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Moby-Dick‘s Powerful Message for the Atomic Age

Movie director John Huston declared Gilbert Wilson “a brilliant artist and one of America’s foremost painters.”

Pearl S. Buck and Huston’s father, actor Walter Huston, sponsored an exhibition of his work in New York.

Even First Lady Eleanor Roosevelt wrote about his work in her newspaper column.

Yet, during his lifetime, Gilbert Brown Wilson (1907-1991) lived in relative obscurity. An acolyte of Diego Rivera and an assistant to Rockwell Kent, Wilson became recognized for his massive murals at Indiana State University and Antioch College, and for the controversy sparked by his “social realist” style. Moby-Dick became Wilson’s lifetime obsession, for which he produced more than 200 paintings and drawings. Although Wilson died penniless and in obscurity, his paintings are being discovered by a new generation of artists.

Artists Patrick McNeil and Patrick Miller, best known as the artist collective FAILE, wrote: “The sword of history can cast a sweeping shadow over art. Some are born to be a legend in their time. For others, politics, cultural forces and chance eclipse their greatness for another generation to discover. Gilbert Wilson is finally emerging from that missing part of the landscape as one of the great American artists of his generation.”

Curator and editor Robert K. Elder has spent the last few years doing Indiana Jones-style archaeology to celebrate Wilson’s work in two books that are just out now: Moby-Dick: Illustrated by Gilbert Wilson and a previously lost biography titled Unfinished and Unbroken: The Life of Artist Gilbert Wilson. The books, published by Hat & Beard Press, were just released to coincide with Herman Melville’s 200th birthday year.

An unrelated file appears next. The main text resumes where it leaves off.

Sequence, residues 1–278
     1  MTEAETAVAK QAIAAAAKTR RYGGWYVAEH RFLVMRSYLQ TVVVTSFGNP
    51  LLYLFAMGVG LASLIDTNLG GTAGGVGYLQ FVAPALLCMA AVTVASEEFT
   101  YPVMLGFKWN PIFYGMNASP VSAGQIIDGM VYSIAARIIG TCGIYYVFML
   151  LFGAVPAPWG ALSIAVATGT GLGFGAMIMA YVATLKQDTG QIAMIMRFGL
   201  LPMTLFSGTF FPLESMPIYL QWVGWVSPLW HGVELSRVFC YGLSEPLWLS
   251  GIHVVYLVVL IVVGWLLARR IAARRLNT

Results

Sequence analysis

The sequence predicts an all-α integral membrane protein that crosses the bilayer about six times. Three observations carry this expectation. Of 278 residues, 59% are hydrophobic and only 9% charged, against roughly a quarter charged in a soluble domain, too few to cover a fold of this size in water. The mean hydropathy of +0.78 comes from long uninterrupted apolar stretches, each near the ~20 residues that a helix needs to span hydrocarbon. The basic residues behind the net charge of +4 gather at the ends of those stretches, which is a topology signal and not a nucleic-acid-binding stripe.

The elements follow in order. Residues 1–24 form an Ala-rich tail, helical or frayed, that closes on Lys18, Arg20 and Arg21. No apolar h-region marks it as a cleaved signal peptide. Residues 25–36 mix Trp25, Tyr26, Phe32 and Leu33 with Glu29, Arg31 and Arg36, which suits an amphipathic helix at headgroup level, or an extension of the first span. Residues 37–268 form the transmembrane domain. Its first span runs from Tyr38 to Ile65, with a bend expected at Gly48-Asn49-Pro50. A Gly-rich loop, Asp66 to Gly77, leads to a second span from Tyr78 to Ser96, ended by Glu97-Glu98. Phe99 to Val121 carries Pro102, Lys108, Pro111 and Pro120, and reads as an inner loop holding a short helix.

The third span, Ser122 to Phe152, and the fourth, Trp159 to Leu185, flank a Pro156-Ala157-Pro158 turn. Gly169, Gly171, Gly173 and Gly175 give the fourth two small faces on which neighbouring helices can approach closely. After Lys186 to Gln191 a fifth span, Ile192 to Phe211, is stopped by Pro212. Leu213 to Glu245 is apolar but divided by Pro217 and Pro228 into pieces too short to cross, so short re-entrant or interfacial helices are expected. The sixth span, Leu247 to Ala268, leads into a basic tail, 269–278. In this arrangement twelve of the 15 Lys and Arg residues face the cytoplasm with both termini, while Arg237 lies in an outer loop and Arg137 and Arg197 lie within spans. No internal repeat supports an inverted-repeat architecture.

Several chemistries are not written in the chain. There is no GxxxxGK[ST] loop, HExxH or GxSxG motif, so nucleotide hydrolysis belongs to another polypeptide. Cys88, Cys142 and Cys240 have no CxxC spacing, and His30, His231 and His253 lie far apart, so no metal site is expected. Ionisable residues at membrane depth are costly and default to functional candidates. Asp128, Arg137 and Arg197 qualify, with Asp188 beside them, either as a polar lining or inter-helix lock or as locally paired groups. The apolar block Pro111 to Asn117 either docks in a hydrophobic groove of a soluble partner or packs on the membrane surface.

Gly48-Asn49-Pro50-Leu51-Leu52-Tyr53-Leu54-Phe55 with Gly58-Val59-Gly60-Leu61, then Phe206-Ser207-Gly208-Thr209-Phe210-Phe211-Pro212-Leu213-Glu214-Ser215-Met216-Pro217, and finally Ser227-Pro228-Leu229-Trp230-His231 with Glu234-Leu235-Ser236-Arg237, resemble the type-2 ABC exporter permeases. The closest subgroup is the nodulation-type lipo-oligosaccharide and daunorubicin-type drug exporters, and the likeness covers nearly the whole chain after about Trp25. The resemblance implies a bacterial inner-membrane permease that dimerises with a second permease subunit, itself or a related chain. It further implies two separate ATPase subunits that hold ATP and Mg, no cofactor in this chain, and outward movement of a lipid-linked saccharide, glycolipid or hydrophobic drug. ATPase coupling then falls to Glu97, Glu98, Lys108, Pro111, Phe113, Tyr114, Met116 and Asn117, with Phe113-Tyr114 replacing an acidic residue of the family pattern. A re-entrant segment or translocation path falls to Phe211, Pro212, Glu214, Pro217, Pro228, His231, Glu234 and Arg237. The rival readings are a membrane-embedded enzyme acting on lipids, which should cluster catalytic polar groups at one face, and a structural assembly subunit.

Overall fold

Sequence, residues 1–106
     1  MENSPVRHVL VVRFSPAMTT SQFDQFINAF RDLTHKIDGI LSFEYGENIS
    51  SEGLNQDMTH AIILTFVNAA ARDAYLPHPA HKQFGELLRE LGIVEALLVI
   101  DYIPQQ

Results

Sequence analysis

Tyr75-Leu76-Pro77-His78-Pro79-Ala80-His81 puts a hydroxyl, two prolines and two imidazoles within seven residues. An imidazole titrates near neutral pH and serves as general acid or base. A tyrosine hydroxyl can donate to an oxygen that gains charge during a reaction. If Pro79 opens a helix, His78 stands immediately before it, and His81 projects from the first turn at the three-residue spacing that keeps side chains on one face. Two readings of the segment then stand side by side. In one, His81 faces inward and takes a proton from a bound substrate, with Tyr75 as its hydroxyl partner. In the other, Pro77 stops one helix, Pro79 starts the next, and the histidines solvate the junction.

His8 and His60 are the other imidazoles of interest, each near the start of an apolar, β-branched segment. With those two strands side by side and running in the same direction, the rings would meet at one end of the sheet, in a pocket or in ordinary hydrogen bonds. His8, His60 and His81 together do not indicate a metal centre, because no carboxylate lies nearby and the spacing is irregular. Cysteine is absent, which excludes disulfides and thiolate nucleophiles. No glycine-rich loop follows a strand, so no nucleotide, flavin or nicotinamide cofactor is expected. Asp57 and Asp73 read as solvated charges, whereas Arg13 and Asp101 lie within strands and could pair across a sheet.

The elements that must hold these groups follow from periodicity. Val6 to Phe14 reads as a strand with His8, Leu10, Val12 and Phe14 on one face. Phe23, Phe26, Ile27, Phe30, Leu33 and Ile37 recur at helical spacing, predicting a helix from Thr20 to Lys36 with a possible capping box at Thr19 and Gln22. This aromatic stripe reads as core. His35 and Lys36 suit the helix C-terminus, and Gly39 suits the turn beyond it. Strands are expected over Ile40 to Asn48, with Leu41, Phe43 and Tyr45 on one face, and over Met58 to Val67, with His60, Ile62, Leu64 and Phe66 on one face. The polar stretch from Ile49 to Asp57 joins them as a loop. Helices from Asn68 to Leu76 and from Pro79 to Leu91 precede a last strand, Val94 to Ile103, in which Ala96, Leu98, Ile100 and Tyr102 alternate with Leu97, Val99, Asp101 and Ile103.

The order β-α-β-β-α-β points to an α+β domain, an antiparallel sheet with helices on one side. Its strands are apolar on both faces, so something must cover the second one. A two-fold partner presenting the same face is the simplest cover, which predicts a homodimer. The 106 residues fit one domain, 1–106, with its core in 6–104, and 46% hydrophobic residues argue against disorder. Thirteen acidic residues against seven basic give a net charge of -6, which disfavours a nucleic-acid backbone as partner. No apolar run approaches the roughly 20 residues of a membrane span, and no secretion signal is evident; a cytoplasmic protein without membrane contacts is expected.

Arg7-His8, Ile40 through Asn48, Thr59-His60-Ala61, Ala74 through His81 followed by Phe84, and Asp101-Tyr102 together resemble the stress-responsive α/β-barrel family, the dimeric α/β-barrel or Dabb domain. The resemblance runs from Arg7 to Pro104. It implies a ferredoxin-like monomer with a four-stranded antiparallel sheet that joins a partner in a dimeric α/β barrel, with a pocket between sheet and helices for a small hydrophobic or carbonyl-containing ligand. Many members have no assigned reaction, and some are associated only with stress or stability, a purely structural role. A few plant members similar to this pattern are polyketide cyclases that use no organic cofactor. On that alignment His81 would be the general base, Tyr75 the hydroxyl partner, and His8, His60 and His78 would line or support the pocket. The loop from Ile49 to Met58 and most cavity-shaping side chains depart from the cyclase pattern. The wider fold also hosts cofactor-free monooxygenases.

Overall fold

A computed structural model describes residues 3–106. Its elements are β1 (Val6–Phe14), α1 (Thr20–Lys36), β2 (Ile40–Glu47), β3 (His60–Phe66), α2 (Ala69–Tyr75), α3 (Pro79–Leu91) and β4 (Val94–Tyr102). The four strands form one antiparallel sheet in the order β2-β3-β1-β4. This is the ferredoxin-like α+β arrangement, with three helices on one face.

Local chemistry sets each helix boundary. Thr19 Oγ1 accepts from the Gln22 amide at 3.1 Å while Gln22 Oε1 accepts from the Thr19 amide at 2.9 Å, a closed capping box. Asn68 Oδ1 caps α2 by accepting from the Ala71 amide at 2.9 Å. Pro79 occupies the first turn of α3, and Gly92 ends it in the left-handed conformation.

Below is the artist’s statement Wilson wrote in 1949 for his show at the Arthur U. Newton Gallery in New York City. Wilson’s take on Moby-Dick is a decidedly modern one, as he saw the white whale as a metaphor for man’s pursuit of atomic power.

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The purpose of these drawings has been to make a graphic synthesis of the drama of Herman Melville’s Moby-Dick. It has been an effort to give the deeper significance of the story an accessible reality in terms of our time.

The White Whale, as symbol of the blank senselessness of power—blind, fatal, overpowering—bears disturbing resemblance today to the nuclear bomb. Faced as we are with this fatal force, we might do well to ponder seriously the deep-probing message of Melville’s tragic tale.

We might well wonder why the author let his ill-fated Captain Ahab cry out in the midst of the catastrophe: “The ship! The hearse! … Its wood could only be American!”

Why not attempt to attack the world’s most paramount issues—domination and destruction—with one of the oldest instrumentalities of human expression. Namely art.

The Greeks taught us that tragedy, distilled in the crucible of great drama, can purge with its pity and terror. Melville’s great drama of Man and Destruction contains the Aristotelian “terror with pity” and “the catharsis of tragedy” which make it classic in grandeur, and with a worldwide participation there might be achieved a dramatic creation which could go far to make the world aware of its inevitable oneness.

Moby-Dick would lend itself well to dramatization, by concentrating on the profound symbolism. A cultural collaboration, using actors and talents of all nations, could do much to bring the nations closer in a time of dangerous rift. Its arresting prophecy of doom, and at the same time its reaffirmation of man’s transcendent spirit in his struggle against elemental destruction, might serve as a revealing allegory of man’s predicament today. Possibly no tragedy in all literature quite succeeds as powerfully or as clearly in pointing out the mortal errors of hate and domination.

Art might conceivably accomplish more than politics and diplomacy toward creating a spirit of world unity.

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moby dick

From Moby-Dick: Illustrated by Gilbert Wilson by Gilbert Wilson. Used with the permission of Hat & Beard Press.

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